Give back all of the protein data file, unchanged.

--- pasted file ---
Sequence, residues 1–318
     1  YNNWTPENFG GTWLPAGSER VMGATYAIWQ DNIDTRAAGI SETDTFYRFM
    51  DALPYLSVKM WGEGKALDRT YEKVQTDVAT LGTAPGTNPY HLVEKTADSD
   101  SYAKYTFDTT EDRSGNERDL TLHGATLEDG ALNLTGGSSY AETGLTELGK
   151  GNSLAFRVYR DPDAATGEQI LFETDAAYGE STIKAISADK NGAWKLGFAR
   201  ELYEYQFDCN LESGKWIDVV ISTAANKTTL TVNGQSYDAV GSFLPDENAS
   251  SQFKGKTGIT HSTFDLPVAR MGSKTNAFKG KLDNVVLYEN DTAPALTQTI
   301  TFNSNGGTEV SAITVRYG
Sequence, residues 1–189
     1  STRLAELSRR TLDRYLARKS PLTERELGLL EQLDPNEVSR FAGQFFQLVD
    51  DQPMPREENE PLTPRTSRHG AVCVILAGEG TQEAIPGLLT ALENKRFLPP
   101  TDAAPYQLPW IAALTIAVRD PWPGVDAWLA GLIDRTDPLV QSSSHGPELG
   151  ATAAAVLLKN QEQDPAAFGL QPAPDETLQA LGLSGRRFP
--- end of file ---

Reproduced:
Sequence, residues 1–318
     1  YNNWTPENFG GTWLPAGSER VMGATYAIWQ DNIDTRAAGI SETDTFYRFM
    51  DALPYLSVKM WGEGKALDRT YEKVQTDVAT LGTAPGTNPY HLVEKTADSD
   101  SYAKYTFDTT EDRSGNERDL TLHGATLEDG ALNLTGGSSY AETGLTELGK
   151  GNSLAFRVYR DPDAATGEQI LFETDAAYGE STIKAISADK NGAWKLGFAR
   201  ELYEYQFDCN LESGKWIDVV ISTAANKTTL TVNGQSYDAV GSFLPDENAS
   251  SQFKGKTGIT HSTFDLPVAR MGSKTNAFKG KLDNVVLYEN DTAPALTQTI
   301  TFNSNGGTEV SAITVRYG
Sequence, residues 1–189
     1  STRLAELSRR TLDRYLARKS PLTERELGLL EQLDPNEVSR FAGQFFQLVD
    51  DQPMPREENE PLTPRTSRHG AVCVILAGEG TQEAIPGLLT ALENKRFLPP
   101  TDAAPYQLPW IAALTIAVRD PWPGVDAWLA GLIDRTDPLV QSSSHGPELG
   151  ATAAAVLLKN QEQDPAAFGL QPAPDETLQA LGLSGRRFP